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NLS Press Release

Distribution Study Prepares NLS Libraries For New Digital Talking-Book System

For Immediate Release:
May 10, 2005
Contact: Robert E. Fistick
(202) 707-9279 or

WASHINGTON, D.C.—The National Library Service for the Blind and Physically Handicapped (NLS), Library of Congress, is conducting an analysis of its current audiobook distribution process to determine what adjustments will be needed to accommodate its new digital talking-book (DTB) system. Three new models will be evaluated and the best suited will be designed to integrate with the distribution systems of state, regional, and subregional libraries in the NLS network.

ManTech Advanced Systems International will lead the effort with support from Jerome Ducrest, an independent subcontractor who will handle the analytical aspects of the study, and Daniel Kind of Wesley-Kind Associates, who will supply logistical expertise.

"The change from analog to digital presents an opportunity to make improvements in the way the entire talking-book system functions," says Frank Kurt Cylke, NLS director. "We are constantly striving to develop more efficient ways to serve our patrons."

The three models under consideration include the current system, in which mass quantities of book titles are stored locally for easy access by librarians as they fill loan requests. The other options include on-demand distribution, in a central facility would duplicate DTBs as patrons request them, and a hybrid model that combines mass production and on-demand duplication in a proportion based on patron requirements. Each will be reviewed for compatibility and ease of adaptation to current library systems. Other aspects such as shelving and circulation will be considered as libraries will continue to distribute a number of books from their own facilities.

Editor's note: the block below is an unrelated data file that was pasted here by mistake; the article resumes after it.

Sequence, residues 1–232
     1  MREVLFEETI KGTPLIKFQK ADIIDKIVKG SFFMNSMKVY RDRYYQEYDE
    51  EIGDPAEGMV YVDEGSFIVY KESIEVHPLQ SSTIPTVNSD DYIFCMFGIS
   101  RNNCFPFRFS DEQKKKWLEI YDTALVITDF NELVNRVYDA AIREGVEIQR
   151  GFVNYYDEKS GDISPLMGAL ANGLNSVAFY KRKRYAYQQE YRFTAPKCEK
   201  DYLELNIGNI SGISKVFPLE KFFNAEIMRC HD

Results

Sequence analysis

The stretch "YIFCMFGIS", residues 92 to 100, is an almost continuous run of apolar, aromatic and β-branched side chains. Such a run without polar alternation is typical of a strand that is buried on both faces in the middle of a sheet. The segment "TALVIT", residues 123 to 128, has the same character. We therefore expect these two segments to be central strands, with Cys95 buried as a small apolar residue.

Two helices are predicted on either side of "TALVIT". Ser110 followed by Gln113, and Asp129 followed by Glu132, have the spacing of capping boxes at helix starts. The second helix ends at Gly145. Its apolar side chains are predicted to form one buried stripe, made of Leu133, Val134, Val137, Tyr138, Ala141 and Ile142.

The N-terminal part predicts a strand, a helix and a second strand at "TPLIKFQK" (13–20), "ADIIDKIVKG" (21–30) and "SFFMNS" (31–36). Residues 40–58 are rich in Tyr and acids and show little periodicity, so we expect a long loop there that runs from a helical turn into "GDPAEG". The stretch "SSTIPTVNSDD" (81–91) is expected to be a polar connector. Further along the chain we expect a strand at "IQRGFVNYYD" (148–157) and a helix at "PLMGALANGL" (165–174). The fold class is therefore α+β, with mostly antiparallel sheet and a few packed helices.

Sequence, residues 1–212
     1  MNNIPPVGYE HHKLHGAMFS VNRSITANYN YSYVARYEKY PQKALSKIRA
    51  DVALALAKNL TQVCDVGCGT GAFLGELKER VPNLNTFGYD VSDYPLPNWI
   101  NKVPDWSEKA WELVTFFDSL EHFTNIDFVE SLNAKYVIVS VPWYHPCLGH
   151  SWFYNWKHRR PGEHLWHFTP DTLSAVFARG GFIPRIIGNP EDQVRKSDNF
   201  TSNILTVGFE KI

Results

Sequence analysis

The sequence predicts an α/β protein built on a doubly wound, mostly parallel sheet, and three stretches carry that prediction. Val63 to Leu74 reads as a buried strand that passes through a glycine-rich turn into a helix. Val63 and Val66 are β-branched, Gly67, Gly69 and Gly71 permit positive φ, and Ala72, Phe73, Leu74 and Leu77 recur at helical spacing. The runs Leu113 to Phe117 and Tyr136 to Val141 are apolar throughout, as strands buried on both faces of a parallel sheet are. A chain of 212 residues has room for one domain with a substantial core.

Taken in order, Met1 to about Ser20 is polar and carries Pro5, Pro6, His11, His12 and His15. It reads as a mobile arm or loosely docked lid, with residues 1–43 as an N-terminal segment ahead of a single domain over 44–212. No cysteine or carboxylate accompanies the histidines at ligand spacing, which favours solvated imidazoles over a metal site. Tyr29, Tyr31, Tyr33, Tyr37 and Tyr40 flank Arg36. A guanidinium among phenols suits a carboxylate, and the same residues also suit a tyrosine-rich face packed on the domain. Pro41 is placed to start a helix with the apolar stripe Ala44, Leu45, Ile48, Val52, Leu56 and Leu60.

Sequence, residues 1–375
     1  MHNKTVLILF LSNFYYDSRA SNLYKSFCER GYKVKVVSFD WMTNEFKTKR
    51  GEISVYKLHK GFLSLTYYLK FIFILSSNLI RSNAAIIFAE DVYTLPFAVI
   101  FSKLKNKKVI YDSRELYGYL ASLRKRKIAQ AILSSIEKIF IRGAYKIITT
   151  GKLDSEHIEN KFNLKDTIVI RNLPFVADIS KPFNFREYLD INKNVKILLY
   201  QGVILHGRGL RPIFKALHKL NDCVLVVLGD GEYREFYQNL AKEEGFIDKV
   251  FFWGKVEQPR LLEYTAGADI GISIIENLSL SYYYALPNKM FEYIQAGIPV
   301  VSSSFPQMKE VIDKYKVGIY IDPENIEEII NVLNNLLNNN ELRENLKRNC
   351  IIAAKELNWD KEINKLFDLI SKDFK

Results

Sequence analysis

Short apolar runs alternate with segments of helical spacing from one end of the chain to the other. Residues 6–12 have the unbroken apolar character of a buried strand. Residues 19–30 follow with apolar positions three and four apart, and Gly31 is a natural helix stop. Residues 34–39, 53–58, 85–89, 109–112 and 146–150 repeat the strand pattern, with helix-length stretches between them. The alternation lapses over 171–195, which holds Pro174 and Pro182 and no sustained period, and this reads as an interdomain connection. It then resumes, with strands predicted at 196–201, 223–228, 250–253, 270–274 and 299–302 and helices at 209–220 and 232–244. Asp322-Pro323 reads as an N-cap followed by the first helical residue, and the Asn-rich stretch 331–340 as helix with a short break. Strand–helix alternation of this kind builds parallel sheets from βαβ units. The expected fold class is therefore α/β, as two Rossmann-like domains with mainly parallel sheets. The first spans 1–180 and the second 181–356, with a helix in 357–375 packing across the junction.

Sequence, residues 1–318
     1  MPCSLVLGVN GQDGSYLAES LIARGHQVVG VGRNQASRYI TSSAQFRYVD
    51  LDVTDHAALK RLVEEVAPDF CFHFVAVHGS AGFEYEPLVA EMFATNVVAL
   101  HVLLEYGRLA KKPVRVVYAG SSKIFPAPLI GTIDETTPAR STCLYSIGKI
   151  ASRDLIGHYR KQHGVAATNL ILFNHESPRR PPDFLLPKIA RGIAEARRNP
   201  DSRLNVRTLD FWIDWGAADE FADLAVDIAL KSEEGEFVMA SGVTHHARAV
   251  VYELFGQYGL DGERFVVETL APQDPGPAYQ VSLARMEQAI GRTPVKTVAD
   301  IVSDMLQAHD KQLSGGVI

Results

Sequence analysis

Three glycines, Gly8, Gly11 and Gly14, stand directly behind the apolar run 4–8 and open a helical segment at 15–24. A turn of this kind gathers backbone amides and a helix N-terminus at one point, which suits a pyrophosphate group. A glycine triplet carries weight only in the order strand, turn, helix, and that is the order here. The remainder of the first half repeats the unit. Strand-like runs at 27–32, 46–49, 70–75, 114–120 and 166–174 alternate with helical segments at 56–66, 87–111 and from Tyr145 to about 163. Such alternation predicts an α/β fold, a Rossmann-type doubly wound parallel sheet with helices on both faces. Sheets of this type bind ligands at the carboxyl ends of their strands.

"Our ideal distribution system will provide a combination of personal service for patrons, timely book delivery, and accurate tracking of materials to reduce loss rates," says Michael Moodie, NLS deputy director. "Factors such as efficient use of materials and sufficient inventory to meet patron demand are also important."

The study will be conducted in two phases. In the first phase, the three models will be evaluated and the optimal one selected. An advisory group of librarians and consumer representatives will weigh in on the recommendations of the contractors prior to the second phase, during which the new distribution system will be designed. A multiyear transition plan will be drafted to guide the implementation process to be completed by the launch of the DTB program in 2008.

More than 23 million copies of recorded and braille books and magazines were circulated to a readership of 799,718 in 2004. The international Union Catalog provides access to 423,500 titles (19 million copies). Audiobook readers borrow an average of 31 books and magazines a year. Braille readers average 20 books and magazines a year.

An overview of the NLS digital talking-book project may be found in Current Strategic Business Plan for the Implementation of Digital Systems at For enrollment information, visit or call 1-888-NLS-READ (1-888-657-7323).

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Posted on 2011-01-10